Keeping Light Beer Interesting: Brewing a Japanese-Style Rice Lager

Over the last few years, I’ve worked on brewing an enjoyable light-colored, drinkable, lager. I’m trying to craft a beer that a fan of Budweiser or Coors would enjoy but with a more unique flavor profile. The first challenge, and it’s a big one, is making a quality light lager. Light lagers have nothing to hide. Plus, the difference between a great light lager and a bad one is narrower than any other style. The second, even more significant, challenge is keeping it interesting.

This time around, I decided to make a Japanese rice lager. A Japanese rice lager is almost the same as an American lager. But, as one would expect, brewers use rice as a fermentable along with the barley. You can use Japanese hops to be more authentic, but as with other light lagers, don’t overdo it. Examples of this style include Sapporo Premium and Asahi Super Dry. Interestingly, both these beers contain a combination of rice, corn, and “starches”. Major American lagers stick to a single adjunct such as Miller with corn and Budweiser with rice. Kirin Ichiban only contains “100% malt” and notes this with pride. 

Japan has a hierarchy of beers with different tax treatments based on the percentage of malt. I’d compare Japanese beer regulations to the German Reinheitsgrebot or to how America regulates bourbon. Japan only allows beverages with a malt content of 67% or more of the fermentable ingredients to be sold as “beer”. The government taxes beverages with lower malt content at a lower rate. These lower malt beverages, called hopposhu, sell for a lower price and often have less than 25% malt.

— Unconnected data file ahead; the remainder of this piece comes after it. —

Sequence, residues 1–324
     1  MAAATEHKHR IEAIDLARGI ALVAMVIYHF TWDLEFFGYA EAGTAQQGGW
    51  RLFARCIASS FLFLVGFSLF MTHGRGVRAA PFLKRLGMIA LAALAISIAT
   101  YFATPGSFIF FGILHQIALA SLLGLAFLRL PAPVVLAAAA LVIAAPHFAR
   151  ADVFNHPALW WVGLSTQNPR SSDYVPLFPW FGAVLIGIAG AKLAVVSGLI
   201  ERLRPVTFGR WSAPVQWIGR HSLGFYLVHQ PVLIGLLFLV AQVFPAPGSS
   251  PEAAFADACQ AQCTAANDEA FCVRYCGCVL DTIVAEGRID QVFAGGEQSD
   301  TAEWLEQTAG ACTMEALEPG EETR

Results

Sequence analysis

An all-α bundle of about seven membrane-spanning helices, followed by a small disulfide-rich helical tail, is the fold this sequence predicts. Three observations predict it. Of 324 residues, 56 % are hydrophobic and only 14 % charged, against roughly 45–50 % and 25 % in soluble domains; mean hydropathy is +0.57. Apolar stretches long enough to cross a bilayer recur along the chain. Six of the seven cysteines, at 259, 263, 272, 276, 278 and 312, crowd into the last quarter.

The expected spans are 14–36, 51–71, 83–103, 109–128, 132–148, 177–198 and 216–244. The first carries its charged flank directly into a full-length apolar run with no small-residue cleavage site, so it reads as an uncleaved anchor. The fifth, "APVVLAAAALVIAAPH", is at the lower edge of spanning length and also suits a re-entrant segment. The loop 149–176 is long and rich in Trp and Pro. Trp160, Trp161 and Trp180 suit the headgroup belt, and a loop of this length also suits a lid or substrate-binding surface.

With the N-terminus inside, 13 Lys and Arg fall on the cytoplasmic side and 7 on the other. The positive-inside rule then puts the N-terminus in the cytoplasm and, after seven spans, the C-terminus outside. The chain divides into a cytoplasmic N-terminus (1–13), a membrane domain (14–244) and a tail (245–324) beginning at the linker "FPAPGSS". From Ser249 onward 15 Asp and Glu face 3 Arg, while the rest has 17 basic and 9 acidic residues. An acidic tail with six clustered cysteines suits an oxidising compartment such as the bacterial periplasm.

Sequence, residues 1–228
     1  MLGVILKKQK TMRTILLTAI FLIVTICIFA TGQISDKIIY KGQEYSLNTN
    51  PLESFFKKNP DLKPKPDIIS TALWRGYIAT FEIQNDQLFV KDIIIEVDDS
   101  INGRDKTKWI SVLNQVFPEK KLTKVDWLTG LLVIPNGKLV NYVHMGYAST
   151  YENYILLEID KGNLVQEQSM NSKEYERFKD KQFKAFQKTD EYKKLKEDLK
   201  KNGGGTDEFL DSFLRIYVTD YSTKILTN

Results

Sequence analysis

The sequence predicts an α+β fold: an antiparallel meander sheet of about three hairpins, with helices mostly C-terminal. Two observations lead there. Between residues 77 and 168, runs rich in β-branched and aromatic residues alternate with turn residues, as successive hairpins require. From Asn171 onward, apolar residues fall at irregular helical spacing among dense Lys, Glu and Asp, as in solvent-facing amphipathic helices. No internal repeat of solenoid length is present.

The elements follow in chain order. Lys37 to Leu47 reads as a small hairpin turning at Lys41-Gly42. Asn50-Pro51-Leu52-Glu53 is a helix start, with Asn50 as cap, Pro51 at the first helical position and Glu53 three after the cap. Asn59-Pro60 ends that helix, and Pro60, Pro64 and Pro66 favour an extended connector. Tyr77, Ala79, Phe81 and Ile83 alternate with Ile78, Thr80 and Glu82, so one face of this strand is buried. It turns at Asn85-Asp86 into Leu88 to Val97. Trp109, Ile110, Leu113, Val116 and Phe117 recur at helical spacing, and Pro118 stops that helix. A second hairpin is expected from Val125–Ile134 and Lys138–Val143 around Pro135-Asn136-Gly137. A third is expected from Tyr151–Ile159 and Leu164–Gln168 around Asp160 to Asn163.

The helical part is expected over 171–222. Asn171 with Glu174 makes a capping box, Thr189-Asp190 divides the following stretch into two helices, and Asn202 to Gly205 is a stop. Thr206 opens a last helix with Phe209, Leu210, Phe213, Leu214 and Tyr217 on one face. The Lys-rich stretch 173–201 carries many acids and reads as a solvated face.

In keeping with the Japanese government standards for beer, I used 71% malt extract and 29% rice syrup solids. For hops, besides my usual Perle and Hallertau hops, I added Sorachi Ace hops. Sorachi Ace is one of the most unusual-tasting hops that I have brewed. Japanese hop growers first developed it for Sapporo in the 1970s. The hop has a strong flavor of lemon with a touch of dill and herbs, unlike any hop I have ever tasted. There is nothing else like it. I went higher on the IBUs as I wanted to make sure the Sorachi Hops were perceptible. The result is a light, crisp, lager with a hint of lemon. So far, this is my best light lager and also the clearest.

Clear and crisp. Just like winter in Ohio.

In honor of my friend’s retirement, I named this beer Toxic Avenger Lager. He spent many years expertly protecting the environment. Nothing beats a homebrew for special occasions!

Toxic Avenger Lager

Recipe Specifics

  • Style: 2A, International Pale Lager
  • Batch Size: 5.0 gal
  • Extract/Adjuncts: 7 lbs
  • OG: 1.049
  • SRM: 2.8
  • IBU: 25.2
  • ABV: 5.8%
  • Wort Boil Time: 60 Minutes


  • 29% – 2 lbs Briess Pilsen Light DME @ 60 min
  • 29% – 2 lbs Rice Syrup Solids @ 60 min
  • 42% – 3 lbs Pilsner Liquid Extract


  • .5 oz – Perle (pellet, 9.10% AA) @ 60 min
  • .25 oz – Sorachi Ace (pellet, 10.50% AA) @ 60 min
  • .5 oz – Hallertau (pellet, 3.40% AA) @ 5 min
  • .75 oz. Sorachi Ace @ 5 min


  • Imperial Harvest L17 Yeast


  • 1.00 Whirlfloc @ 10 min.
  • 1.00 White Labs Clarity Ferm at yeast pitch
  • 5 g gelatin at cold crash

Water Profile

  • Profile: RO purified water
  • Source: Kroger
  • Additions: BeerSmith’s Light & Hoppy profile – Ca: 74.7 ppm, Mg: 4.6 ppm, Na: 9.8 ppm, SO4: 150.1 ppm, Cl: 50.2 ppm, HCO3: 0.0 ppm


  • Aroma – Slightly grainy with slight hint of lemon.
  • Appearance – Pale yellow, bright and clear.
  • Flavor – Slightly grainy with mild hop bitterness of crisp lemon and herb. Can’t really pick up on the dill apparent in the raw pellets.
  • Mouthfeel – Light body with high carbonation.


  • 11/10/2022 – Brew day.
  • 11/11/2022 – Ferment at 52 F.
  • 11/27/2022 – Raise temperature to 62 F
  • 12/8/2022 – Cold crash to 34 F
  • 12/11/2022 – Transfer to keg.
  • 1/1/2023 – As good as its going to get.






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